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Rolling Stones Lineup Changes: A Complete Guide

Rolling Stones Lineup Changes
Chris Ware / Evening Standard (3) / Ian Gavan, Getty Images

The Rolling Stones are still going strong — in fact, they’ve spent much of the past two years on the road, celebrating their 50th anniversary. But as any fan could tell you, the band has gained and lost a few members along the way.

Given how long they’ve been together, the Stones have actually weathered a surprisingly small number of lineup changes, and we’ve covered all the major ones here — from all the turnover of their earliest days through the tragic passing of Brian Jones and everything that followed, with a few of the band’s greatest hits thrown in for good measure. What’s your favorite Stones lineup? Once you take a look at this list, it might be harder than you think to decide.


1962

Brian Jones / Mick Jagger / Keith Richards / Dick Taylor / Tony Chapman / Ian Stewart
 
 

The Stones made their public debut on July 12, 1962, with a lineup that was still very much in a state of flux. Anchored by childhood friends Mick Jagger and Keith Richards alongside multi-instrumental wiz Brian Jones, this early version of the group also included keyboard player Ian Stewart, bassist Dick Taylor, and drummer Tony Chapman, all of whom would soon be ex-Stones (or, in Stewart's case, relegated to road manager/sideman status by new manager Andrew Loog Oldham). Also passing informally through the ranks at various points during 1962-'63 were a pair of drummers (Mick Avory and Carlo Little) and two more bassists (Ricky Fenson and Colin Golding).

 

1963-69

Brian Jones / Mick Jagger / Keith Richards / Bill Wyman / Charlie Watts
 
 

After all the turnover that took place during '62 and '63, it's somewhat surprising how tightly the Stones lineup soon solidified. Bill Wyman joined on bass in December of '62, with drummer Charlie Watts making his debut the following month; by the summer of '63, they'd released their first single, and by the summer of '65, they'd topped the charts on both sides of the Atlantic with '(I Can't Get No) Satisfaction.'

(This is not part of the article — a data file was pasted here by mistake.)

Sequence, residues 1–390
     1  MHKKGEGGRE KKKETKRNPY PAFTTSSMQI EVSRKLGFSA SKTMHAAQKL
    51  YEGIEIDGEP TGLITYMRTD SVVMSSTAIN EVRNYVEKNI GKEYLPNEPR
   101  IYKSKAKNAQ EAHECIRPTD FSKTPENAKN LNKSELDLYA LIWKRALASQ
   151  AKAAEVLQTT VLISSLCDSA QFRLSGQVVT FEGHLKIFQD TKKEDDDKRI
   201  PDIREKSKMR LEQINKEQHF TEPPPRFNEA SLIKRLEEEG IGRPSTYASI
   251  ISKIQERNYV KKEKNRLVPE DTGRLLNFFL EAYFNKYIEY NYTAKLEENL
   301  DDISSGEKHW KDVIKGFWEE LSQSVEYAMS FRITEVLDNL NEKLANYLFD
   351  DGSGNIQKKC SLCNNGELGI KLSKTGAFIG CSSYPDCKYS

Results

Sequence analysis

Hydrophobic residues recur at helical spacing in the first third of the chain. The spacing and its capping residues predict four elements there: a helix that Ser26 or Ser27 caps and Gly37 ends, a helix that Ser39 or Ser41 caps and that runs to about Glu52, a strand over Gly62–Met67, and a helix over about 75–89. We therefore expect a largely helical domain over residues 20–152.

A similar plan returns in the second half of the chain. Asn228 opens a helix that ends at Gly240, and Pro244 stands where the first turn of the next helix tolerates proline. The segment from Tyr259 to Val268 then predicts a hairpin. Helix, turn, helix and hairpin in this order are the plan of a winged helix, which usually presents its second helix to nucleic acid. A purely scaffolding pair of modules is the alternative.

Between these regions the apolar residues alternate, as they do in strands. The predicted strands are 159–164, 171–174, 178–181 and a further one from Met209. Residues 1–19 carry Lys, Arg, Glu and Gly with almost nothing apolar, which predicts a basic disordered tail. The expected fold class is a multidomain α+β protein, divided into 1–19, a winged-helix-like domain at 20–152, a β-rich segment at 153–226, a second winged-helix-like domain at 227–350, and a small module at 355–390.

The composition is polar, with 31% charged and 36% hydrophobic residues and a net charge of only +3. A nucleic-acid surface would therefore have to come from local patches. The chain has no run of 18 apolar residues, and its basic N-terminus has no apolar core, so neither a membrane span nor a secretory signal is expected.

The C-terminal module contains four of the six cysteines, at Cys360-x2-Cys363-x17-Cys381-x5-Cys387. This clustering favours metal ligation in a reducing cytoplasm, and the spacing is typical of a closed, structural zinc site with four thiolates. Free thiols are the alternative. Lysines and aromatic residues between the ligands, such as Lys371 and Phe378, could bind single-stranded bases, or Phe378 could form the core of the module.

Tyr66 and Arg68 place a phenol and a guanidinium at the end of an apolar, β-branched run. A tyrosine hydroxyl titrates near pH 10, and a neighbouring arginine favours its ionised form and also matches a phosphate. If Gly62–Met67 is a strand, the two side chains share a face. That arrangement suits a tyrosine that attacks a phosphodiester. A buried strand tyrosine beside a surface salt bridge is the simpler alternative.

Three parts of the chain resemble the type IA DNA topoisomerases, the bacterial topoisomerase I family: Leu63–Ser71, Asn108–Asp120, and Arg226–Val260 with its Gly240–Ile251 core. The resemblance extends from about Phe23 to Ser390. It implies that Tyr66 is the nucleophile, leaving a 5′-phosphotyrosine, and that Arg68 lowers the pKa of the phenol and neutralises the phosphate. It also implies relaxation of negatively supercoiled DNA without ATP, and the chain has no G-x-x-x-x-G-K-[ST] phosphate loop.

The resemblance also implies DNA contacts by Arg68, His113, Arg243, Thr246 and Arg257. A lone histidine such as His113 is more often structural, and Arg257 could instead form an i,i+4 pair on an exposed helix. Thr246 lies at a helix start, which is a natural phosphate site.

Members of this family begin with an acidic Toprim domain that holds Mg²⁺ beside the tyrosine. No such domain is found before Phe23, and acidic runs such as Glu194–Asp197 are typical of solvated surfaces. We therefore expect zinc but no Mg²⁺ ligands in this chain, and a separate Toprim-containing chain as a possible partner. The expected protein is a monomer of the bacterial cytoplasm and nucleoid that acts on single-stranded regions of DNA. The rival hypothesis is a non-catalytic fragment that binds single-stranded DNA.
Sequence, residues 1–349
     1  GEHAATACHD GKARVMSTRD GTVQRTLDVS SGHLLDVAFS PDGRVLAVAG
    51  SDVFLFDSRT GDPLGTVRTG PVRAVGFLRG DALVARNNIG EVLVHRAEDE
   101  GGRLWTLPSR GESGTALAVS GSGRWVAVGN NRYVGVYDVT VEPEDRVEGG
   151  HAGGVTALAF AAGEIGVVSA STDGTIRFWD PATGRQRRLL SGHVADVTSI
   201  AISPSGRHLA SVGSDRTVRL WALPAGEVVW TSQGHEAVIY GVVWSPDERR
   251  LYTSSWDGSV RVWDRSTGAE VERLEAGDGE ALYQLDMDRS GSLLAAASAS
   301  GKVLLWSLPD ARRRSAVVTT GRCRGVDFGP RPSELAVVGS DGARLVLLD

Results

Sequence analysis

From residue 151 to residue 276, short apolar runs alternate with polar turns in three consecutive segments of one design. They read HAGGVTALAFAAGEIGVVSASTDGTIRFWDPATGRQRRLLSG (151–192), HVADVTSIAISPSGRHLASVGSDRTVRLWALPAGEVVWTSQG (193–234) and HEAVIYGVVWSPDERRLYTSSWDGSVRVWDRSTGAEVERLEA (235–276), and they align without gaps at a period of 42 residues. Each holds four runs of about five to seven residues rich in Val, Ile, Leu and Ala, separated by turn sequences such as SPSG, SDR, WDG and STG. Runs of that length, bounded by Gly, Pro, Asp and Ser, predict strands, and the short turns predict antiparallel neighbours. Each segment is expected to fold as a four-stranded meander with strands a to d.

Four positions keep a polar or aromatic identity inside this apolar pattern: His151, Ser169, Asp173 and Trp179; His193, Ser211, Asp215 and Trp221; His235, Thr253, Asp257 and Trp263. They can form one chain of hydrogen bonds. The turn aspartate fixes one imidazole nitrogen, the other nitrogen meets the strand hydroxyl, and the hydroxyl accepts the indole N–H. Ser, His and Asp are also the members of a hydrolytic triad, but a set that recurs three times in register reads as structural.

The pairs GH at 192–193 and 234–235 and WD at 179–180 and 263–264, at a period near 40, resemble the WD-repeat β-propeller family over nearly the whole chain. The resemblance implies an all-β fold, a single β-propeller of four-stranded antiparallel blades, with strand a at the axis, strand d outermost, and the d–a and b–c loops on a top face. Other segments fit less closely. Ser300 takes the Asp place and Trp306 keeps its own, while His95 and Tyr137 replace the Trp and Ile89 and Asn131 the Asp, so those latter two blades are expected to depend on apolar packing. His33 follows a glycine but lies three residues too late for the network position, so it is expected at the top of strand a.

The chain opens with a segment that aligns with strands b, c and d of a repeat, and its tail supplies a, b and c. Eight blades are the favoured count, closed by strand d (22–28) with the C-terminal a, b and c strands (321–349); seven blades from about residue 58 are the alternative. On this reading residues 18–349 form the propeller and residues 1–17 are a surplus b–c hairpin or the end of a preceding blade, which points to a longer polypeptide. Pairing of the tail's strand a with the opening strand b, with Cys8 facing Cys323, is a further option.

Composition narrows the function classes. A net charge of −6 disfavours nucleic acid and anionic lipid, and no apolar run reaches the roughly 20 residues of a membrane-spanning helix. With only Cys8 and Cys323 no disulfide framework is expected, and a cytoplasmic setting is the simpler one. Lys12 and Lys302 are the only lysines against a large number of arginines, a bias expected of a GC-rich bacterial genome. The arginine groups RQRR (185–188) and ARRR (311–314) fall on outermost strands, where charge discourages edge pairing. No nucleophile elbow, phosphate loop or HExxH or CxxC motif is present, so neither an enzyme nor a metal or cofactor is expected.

1969-74

Mick Jagger / Keith Richards / Bill Wyman / Charlie Watts / Mick Taylor
 
 

As the '60s wore on, Brian Jones grew progressively more disenchanted with his role in the Stones, and his growing distance from his bandmates -- as well as his substance struggles -- led to his ouster from the group in June of 1969. Stepping into Jones' shoes would have been difficult even under ordinary circumstances, but his death less than a month later cast a heavy shadow over the band just as new guitarist Mick Taylor joined the lineup. Although his five-year tenure ultimately proved to be relatively short-lived in Stones time, it coincided with some of the most successful records in their catalog, including 'Let It Bleed,' 'Sticky Fingers,' and 'Exile on Main St.'

 

1975-93

Mick Jagger / Keith Richards / Bill Wyman / Charlie Watts / Ronnie Wood
 
 

Frustrated by his lack of creative input, as well as the difficulties imposed by band members' drug use and physical distance, Taylor quit in 1974, prompting an extended search for a replacement that ended with the arrival of Faces guitarist Ron Wood -- although Wood wouldn't technically become a full-fledged band member until the Stones' next lineup change.

 

1994-

Mick Jagger / Keith Richards / Charlie Watts - Ronnie Wood
 
 

The years following Wood's arrival were often marked by flashes of creative turbulence, particularly between Jagger and Richards, whose differing opinions regarding the future of the Stones led to some of the less cohesive entries in the band's catalog. But even as the quarreling bandmates took periodic breaks for solo efforts, the Stones' lineup stayed steady -- until Dec. 1992, when Wyman decided he was quitting the group. Calling his time with the Stones "wonderful" and admitting he had "many special memories," he pointed to the group's '89 and '90 tours as their best and said he was happy to walk away on a high note. Wyman's replacement, Darryl Jones, remains a salaried employee rather than a full-fledged member, but as Wood eventually learned, that can change if a Stone sticks around long enough.

 

BONUS: You Think You Know The Rolling Stones?

 
 
 

Next: Allman Brothers Band Lineup Changes

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